As I walked through Nablus, children and adults came up to ask my name and where I was from. When I said I was from the US they were quick to point out that their distaste for the American president did not affect their positive feelings towards the American people. They welcomed me to Palestine. “Peace be upon you,” I would say in Arabic. And their reply: “And upon you peace.”
We left Nablus via the Huwwara checkpoint to see if the blindfolded men were still there. They were not; the Israeli volunteers had gotten them released. Additionally, there were several ISM volunteers on the scene. Unfortunately, the atmosphere was still tense and there were now close to a hundred young men in the ditch. One young man showed me his university card, saying he was a student in Nablus and he hadn’t been able to get home to his village to see his family for an entire week. It reminded me of a man I had seen that morning trying to enter Nablus to see his mother, who was dying. He was worried he wouldn’t be able to reach her before she passed away.
After 15 minutes, one of the men still waiting in the ditch yelled “Allah Hu Akbar (God is great)” twice to signal sundown and the end of the fast, and within seconds everyone in the ditch was passing around water, dates (the traditional food for breaking fast), and cigarettes. It was a moment of peace and thanksgiving.
Just then a Palestinian boy who had walked out of the checkpoint line-up was grabbed by his collar and thrown against a concrete block. The young boy put up his arms and cooperated with the soldier who had assaulted him. A large Palestinian who had been waiting for several hours bellowed at the soldiers to let the boy go. The man’s voice was strong, but he was clearly on the brink of tears. The soldiers handcuffed him for causing a ruckus. An ISM volunteer calmly tried to intervene, but the soldiers arrested her as well.
Night was falling and we were worried about making it home. One soldier motioned for us to pass ahead of all the men, and we reluctantly accepted the privilege. The soldier looked at my passport and told me it was illegal for me to be in Nablus. He said, “It’s violent and dangerous in Nablus.” I told him it was more violent and dangerous there at the checkpoint than in Nablus. I asked him if he’d ever been to Nablus without his gun. He shook his head. I smiled and said, “It’s different from what you think.” He appeared to be considering my remark when I was pushed with the crowd through the line and hurried into a service taxi bound for home.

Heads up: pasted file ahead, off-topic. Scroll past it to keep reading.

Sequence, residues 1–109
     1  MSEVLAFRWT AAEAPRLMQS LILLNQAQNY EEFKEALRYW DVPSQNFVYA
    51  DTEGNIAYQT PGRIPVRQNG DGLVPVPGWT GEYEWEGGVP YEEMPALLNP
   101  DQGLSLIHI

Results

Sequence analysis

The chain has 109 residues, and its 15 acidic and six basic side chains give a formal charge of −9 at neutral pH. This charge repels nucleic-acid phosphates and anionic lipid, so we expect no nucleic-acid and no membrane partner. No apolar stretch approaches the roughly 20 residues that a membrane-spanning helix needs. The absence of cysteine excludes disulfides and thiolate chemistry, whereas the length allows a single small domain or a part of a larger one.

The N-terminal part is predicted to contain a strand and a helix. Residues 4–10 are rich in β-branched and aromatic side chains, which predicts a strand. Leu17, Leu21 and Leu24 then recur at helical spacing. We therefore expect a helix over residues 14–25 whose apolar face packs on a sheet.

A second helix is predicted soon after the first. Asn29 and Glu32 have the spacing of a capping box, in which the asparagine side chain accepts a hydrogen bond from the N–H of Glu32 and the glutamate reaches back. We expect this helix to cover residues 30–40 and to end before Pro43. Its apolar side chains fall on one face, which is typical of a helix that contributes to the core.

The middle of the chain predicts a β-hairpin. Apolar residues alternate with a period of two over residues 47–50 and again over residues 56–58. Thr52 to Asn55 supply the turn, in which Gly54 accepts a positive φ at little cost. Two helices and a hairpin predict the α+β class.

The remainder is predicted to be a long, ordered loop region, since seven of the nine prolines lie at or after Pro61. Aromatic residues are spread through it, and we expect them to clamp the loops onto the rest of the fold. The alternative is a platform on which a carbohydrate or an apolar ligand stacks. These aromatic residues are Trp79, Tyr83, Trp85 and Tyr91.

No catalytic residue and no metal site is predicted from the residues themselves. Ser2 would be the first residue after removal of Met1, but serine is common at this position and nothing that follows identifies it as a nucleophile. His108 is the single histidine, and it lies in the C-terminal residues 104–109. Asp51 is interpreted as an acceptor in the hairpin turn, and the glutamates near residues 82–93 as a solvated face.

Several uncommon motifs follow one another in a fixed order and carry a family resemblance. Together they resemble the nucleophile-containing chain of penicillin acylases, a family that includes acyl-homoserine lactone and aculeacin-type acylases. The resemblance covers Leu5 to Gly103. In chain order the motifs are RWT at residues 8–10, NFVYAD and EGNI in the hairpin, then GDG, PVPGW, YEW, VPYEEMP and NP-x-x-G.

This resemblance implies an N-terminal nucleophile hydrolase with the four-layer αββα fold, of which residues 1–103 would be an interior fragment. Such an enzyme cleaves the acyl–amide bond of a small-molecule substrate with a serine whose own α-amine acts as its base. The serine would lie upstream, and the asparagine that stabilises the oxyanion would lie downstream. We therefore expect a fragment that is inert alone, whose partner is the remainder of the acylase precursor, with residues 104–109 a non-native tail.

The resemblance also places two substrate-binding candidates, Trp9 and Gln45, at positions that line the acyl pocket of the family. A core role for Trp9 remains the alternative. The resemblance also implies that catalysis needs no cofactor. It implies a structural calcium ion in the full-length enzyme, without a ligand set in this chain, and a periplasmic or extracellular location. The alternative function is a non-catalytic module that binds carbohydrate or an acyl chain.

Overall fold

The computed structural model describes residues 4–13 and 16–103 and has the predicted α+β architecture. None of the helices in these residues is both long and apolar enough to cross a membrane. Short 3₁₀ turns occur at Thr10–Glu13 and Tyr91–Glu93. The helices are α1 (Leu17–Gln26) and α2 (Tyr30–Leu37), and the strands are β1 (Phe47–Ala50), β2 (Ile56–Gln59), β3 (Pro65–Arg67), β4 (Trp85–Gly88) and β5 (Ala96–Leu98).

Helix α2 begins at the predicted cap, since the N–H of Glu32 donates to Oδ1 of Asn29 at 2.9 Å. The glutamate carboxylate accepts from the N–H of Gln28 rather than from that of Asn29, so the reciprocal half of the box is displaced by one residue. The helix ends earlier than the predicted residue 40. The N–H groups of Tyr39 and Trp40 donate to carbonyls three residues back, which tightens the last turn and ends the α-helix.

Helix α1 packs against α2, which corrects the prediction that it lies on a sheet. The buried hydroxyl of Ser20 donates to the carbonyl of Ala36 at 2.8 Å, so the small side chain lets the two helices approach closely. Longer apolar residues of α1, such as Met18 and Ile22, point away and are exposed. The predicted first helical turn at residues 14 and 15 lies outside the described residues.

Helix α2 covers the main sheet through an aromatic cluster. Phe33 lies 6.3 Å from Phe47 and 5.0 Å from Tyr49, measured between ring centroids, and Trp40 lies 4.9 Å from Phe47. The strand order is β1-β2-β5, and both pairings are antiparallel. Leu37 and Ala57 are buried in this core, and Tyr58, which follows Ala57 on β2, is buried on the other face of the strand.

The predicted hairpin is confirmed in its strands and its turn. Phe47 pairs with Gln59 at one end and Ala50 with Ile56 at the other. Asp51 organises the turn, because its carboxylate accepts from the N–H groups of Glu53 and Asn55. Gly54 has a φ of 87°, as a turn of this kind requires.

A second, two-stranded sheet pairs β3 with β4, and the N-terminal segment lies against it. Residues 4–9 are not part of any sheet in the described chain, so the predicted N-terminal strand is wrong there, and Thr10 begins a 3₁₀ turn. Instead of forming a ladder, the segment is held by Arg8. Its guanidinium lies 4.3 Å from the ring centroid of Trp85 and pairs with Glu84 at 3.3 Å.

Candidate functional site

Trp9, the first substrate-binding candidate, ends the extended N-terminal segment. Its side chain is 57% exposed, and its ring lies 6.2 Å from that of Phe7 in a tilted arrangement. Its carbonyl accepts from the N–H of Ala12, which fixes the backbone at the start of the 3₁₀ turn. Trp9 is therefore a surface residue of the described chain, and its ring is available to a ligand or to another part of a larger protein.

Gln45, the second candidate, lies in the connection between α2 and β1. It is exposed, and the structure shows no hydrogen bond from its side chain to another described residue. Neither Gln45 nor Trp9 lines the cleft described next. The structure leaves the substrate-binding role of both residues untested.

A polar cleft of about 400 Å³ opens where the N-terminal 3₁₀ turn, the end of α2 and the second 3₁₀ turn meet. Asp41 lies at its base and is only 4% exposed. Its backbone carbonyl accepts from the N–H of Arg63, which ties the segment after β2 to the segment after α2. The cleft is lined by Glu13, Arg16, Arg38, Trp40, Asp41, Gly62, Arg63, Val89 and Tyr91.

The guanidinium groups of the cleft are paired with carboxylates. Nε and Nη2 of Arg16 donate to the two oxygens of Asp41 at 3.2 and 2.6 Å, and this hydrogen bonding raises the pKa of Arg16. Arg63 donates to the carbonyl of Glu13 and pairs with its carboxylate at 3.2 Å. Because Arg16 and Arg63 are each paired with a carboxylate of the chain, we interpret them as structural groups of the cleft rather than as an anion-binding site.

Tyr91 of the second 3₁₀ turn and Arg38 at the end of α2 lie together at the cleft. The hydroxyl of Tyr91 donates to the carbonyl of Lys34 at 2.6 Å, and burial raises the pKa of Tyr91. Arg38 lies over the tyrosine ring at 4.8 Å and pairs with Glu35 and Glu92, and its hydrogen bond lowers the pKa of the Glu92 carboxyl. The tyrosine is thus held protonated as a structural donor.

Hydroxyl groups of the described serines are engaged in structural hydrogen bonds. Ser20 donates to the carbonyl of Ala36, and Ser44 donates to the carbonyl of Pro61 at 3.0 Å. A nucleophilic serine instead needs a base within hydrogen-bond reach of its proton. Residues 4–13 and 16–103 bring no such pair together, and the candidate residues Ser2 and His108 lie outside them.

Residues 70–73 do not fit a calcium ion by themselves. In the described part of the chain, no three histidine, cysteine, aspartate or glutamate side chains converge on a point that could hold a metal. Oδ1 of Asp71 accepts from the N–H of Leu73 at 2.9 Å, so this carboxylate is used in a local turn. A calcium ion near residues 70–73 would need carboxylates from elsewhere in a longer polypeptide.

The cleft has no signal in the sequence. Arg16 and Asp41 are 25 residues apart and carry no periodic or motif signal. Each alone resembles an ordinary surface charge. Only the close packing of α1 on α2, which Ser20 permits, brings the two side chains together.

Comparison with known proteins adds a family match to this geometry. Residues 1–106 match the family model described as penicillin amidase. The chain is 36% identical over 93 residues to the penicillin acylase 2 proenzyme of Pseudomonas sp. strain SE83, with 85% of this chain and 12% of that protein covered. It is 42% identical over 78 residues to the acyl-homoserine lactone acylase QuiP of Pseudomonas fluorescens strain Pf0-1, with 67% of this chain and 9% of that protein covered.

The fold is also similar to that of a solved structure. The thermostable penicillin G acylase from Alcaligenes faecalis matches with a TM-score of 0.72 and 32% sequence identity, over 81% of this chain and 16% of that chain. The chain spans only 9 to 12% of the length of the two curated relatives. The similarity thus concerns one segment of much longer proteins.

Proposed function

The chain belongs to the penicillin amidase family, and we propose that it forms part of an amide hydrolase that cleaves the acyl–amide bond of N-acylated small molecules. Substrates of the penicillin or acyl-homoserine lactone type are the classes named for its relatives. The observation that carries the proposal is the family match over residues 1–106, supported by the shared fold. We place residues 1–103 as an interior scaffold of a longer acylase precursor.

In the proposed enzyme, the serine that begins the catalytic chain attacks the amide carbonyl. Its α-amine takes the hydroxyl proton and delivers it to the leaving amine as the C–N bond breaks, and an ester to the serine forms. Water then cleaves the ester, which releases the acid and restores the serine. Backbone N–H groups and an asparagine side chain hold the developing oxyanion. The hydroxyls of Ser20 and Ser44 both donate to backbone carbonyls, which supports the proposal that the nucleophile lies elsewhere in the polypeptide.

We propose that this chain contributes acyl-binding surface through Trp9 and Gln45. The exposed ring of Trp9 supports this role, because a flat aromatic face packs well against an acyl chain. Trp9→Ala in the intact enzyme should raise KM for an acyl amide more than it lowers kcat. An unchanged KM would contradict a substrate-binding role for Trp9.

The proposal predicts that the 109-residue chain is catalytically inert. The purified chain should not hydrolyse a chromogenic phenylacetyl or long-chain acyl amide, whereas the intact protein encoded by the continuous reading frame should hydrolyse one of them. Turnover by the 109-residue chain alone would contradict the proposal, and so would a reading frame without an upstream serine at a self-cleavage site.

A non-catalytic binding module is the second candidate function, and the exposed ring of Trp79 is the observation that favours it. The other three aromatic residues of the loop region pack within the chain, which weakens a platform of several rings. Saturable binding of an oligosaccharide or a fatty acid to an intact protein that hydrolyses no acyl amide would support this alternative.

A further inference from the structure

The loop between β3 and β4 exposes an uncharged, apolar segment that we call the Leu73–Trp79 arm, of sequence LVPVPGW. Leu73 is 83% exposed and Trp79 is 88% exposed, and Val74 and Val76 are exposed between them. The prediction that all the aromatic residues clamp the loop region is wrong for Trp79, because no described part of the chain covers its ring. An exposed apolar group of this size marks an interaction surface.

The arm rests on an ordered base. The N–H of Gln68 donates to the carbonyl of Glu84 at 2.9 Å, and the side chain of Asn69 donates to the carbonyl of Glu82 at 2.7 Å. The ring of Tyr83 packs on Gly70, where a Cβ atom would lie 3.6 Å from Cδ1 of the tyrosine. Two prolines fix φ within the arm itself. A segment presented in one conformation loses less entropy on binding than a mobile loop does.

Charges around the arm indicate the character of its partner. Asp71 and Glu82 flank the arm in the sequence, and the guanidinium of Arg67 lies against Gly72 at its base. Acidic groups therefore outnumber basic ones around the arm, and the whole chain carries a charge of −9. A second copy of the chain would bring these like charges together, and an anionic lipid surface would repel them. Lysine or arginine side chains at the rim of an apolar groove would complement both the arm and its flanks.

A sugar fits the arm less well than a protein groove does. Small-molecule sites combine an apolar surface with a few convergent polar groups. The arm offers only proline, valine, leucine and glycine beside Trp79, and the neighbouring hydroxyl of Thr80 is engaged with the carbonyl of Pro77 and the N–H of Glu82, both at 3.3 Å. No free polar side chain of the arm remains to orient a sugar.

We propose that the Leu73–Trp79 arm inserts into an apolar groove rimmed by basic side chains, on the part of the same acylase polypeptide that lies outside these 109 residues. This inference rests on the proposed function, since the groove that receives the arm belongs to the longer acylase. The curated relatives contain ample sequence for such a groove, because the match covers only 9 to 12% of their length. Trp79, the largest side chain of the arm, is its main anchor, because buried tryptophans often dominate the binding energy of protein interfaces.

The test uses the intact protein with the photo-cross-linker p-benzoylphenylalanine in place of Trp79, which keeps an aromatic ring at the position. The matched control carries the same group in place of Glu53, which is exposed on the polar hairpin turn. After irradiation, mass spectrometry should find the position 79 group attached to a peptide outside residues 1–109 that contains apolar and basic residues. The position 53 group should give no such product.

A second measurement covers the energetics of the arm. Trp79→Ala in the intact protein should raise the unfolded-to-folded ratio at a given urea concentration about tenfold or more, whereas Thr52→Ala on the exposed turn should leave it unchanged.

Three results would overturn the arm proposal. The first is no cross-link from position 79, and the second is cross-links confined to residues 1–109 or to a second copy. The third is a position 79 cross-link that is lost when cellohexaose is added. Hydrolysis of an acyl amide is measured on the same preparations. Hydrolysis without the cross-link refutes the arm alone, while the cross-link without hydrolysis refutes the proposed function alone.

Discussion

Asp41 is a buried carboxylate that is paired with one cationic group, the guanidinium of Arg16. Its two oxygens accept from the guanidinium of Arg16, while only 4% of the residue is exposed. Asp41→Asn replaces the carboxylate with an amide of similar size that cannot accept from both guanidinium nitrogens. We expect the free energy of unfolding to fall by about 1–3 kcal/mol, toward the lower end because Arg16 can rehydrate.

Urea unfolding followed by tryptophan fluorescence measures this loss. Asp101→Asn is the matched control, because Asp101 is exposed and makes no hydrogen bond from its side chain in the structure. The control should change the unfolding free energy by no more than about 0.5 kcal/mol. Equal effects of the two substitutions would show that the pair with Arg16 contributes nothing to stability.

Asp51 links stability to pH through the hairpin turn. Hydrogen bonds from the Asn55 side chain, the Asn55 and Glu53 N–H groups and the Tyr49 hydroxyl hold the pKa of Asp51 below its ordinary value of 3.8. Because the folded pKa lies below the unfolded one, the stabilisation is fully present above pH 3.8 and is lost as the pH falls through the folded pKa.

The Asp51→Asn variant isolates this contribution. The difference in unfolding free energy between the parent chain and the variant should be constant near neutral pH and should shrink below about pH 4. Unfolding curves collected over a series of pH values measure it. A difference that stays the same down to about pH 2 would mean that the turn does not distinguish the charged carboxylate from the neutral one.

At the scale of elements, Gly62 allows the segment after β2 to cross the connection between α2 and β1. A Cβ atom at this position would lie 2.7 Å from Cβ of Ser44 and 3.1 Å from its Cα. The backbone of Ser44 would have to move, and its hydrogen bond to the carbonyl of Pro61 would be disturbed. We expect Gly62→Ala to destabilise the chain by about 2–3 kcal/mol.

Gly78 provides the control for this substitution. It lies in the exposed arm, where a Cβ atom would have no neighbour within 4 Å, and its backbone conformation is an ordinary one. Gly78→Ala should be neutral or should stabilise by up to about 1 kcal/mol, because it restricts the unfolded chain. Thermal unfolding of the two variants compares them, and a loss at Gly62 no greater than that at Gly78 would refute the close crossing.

This Thanksgiving, I am thankful for many things. I am thankful that I can leave my house, my town, and my country any time I want. I am thankful for options, education, medical care, money in my bank account, and food in my stomach. I am thankful that we do not have a wall outside our house in Haris, although that is likely to change soon. Most of all, I am thankful for the miracles amidst the ongoing tragedy in Palestine, and for the hope and steadfastness that remain in this war-torn land. I hope well-off Americans remember to be thankful for their relatively luxurious, peaceful lives today. The Palestinians have no trouble being thankful for what they have, so neither should we.
Hundreds of Israeli veterans have come forward with stories of the army illegitimately detaining Palestinians. Their testimonies can be found at www.breakingthesilence.org.il